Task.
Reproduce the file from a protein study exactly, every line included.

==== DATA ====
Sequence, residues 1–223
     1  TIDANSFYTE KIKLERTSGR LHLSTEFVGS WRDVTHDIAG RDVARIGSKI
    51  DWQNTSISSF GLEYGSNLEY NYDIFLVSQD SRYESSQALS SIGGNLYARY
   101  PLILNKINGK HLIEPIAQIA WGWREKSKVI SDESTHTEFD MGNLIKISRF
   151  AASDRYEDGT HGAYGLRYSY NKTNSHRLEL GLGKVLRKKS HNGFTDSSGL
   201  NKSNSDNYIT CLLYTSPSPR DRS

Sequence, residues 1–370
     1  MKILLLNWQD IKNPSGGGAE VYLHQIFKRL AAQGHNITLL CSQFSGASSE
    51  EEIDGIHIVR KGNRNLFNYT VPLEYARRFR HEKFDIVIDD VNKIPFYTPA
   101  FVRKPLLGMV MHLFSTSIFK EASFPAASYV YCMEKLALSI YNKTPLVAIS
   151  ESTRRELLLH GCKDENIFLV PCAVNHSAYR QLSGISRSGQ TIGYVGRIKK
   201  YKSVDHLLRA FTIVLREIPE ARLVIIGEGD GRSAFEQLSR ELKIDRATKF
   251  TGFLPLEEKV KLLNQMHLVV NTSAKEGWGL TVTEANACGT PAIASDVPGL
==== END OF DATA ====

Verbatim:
Sequence, residues 1–223
     1  TIDANSFYTE KIKLERTSGR LHLSTEFVGS WRDVTHDIAG RDVARIGSKI
    51  DWQNTSISSF GLEYGSNLEY NYDIFLVSQD SRYESSQALS SIGGNLYARY
   101  PLILNKINGK HLIEPIAQIA WGWREKSKVI SDESTHTEFD MGNLIKISRF
   151  AASDRYEDGT HGAYGLRYSY NKTNSHRLEL GLGKVLRKKS HNGFTDSSGL
   201  NKSNSDNYIT CLLYTSPSPR DRS

Sequence, residues 1–370
     1  MKILLLNWQD IKNPSGGGAE VYLHQIFKRL AAQGHNITLL CSQFSGASSE
    51  EEIDGIHIVR KGNRNLFNYT VPLEYARRFR HEKFDIVIDD VNKIPFYTPA
   101  FVRKPLLGMV MHLFSTSIFK EASFPAASYV YCMEKLALSI YNKTPLVAIS
   151  ESTRRELLLH GCKDENIFLV PCAVNHSAYR QLSGISRSGQ TIGYVGRIKK
   201  YKSVDHLLRA FTIVLREIPE ARLVIIGEGD GRSAFEQLSR ELKIDRATKF
   251  TGFLPLEEKV KLLNQMHLVV NTSAKEGWGL TVTEANACGT PAIASDVPGL